Ronald Hubscher

Immigration in the French Countryside: 19th-20th Century Publication date : October 13, 2005

Foreign labourers played a crucial role in developing France’s agricultural strength. Belgians, Italians, Spaniards and Poles immigrated to France to do the farm work that French workers had abandoned in their exodus to urban areas.
This explains why legislation aimed at restricting immigration has generally spared agricultural workers. Yet few of these workers, though generally regarded as “good immigrants”, have settled permanently in France with their families and they have not integrated.
In this book, Ronald Hubscher approaches the notion of “French identity” from a new angle, and describes its contradictory character over a period of two centuries. He argues that as a result of the contribution made by foreign workers, France has a rural tradition — yet, in the countryside, the nation has ignored them.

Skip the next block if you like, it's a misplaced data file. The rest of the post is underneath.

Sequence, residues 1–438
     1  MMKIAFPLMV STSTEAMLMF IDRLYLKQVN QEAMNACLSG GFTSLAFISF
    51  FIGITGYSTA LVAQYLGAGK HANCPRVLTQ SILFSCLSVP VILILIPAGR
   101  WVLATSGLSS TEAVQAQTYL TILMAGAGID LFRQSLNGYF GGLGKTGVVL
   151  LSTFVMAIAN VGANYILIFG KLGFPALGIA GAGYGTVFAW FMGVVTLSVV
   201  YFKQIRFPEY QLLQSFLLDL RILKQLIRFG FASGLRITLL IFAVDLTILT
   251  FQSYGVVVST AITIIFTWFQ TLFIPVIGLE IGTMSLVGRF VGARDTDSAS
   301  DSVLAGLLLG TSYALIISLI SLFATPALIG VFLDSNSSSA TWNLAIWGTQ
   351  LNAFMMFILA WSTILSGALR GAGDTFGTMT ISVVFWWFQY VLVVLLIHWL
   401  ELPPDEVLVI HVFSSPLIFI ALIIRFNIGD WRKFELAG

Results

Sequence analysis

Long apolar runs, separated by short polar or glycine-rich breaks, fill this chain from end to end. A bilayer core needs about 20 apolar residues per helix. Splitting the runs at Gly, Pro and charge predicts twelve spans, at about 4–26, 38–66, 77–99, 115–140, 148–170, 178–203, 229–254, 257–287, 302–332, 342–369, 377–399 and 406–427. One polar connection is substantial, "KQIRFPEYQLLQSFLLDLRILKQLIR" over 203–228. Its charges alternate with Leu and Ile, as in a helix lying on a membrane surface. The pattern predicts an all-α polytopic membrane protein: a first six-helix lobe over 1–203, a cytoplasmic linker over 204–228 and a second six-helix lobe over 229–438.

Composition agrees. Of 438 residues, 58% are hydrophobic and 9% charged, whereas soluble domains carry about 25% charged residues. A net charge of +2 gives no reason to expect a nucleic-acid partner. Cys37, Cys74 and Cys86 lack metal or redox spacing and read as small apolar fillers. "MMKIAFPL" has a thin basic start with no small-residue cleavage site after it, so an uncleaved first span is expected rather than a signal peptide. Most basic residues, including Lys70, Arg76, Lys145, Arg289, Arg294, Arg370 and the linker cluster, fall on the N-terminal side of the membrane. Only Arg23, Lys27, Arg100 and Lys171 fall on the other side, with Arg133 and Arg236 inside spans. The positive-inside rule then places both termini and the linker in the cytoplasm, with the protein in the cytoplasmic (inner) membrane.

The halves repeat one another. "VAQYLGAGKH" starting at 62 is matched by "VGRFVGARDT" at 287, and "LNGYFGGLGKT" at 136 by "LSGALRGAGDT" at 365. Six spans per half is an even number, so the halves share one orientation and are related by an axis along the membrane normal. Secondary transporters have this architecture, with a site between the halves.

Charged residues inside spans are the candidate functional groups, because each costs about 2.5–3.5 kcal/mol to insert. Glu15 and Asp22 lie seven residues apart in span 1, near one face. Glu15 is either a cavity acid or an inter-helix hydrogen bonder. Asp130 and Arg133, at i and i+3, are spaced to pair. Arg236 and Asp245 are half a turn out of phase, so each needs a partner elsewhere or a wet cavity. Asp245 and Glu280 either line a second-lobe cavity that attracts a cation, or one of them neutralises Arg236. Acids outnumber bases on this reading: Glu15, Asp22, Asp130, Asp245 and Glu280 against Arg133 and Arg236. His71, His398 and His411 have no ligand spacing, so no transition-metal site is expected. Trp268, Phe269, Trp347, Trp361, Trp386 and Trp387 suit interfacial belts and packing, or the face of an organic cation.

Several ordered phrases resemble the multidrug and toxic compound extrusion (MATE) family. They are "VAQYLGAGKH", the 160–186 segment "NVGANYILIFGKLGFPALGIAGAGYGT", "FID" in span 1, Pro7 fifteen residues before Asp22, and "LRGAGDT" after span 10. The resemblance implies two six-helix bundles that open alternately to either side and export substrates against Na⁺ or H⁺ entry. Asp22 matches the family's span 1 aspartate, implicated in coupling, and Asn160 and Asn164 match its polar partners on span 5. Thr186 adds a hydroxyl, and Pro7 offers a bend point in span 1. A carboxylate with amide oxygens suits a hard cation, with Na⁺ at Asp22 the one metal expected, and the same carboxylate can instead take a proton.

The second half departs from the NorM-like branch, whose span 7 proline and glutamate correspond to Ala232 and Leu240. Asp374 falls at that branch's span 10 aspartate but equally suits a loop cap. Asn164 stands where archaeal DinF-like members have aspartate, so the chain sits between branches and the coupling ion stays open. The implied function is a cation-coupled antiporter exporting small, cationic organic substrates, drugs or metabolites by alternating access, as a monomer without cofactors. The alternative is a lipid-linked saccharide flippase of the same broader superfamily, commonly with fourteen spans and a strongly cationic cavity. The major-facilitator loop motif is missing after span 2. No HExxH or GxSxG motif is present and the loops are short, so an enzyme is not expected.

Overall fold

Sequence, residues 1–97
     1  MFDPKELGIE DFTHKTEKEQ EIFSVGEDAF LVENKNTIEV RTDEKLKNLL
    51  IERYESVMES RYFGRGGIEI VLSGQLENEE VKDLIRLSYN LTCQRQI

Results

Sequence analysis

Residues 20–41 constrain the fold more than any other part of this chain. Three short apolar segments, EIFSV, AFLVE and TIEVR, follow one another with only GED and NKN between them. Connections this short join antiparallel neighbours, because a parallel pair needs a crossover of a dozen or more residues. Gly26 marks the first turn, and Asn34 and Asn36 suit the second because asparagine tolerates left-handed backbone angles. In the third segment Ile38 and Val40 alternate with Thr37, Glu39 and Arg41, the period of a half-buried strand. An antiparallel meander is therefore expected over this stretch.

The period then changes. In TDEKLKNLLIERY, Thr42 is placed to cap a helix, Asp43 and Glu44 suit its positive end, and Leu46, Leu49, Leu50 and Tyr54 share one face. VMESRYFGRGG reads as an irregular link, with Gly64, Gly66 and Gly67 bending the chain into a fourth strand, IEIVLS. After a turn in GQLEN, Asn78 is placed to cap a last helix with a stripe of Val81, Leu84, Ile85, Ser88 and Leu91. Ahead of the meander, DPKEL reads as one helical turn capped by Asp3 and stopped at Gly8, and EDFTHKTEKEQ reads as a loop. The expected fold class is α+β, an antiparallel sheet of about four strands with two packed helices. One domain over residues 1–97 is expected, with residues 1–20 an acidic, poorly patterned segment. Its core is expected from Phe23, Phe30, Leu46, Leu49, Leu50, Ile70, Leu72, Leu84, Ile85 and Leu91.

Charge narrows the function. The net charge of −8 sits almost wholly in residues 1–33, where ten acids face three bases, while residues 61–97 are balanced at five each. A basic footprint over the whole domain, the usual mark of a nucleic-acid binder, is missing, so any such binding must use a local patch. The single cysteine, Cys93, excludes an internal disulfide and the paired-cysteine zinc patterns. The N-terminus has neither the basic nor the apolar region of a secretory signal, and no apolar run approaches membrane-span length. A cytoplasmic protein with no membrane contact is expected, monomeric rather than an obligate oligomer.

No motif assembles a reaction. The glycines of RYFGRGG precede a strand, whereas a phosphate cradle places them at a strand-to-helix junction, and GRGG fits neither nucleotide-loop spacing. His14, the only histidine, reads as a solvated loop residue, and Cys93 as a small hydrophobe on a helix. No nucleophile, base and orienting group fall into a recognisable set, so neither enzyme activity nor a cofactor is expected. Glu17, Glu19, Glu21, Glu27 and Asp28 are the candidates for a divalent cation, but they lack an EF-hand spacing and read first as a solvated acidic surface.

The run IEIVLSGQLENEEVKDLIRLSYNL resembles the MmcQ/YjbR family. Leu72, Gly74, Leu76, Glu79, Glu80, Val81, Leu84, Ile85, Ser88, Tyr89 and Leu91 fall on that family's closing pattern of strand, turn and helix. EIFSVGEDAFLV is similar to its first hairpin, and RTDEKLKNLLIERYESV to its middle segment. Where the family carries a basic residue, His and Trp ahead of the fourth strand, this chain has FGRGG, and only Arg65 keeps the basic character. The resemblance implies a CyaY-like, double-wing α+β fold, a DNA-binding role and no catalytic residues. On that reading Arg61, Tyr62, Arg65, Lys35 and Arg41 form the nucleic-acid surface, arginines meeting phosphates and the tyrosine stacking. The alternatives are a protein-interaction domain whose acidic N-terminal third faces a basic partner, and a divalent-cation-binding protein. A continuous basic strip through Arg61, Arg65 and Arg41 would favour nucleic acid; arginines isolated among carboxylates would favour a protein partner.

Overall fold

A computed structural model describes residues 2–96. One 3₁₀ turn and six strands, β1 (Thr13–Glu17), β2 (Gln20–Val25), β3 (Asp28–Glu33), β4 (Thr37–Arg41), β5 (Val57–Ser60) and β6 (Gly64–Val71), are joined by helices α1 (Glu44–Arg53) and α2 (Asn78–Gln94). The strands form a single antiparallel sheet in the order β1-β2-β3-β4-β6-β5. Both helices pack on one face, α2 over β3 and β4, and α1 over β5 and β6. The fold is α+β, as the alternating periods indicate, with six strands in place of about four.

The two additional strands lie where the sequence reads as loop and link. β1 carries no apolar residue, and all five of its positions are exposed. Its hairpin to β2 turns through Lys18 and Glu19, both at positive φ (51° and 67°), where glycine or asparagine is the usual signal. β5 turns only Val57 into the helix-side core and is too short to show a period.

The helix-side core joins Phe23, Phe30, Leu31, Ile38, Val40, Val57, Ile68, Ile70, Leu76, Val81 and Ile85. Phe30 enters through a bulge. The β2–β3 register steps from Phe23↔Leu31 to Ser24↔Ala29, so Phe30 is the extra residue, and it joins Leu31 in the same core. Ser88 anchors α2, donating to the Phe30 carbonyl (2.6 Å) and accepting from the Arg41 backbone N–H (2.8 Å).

Ronald Hubscher is professor emeritus of contemporary history at the University of Paris-X-Nanterre. He is the author of Les Maîtres des bêtes: Les vétérinaires dans la société française, XVIIIe-XX siècles, published by Editions Odile Jacob, in 1999.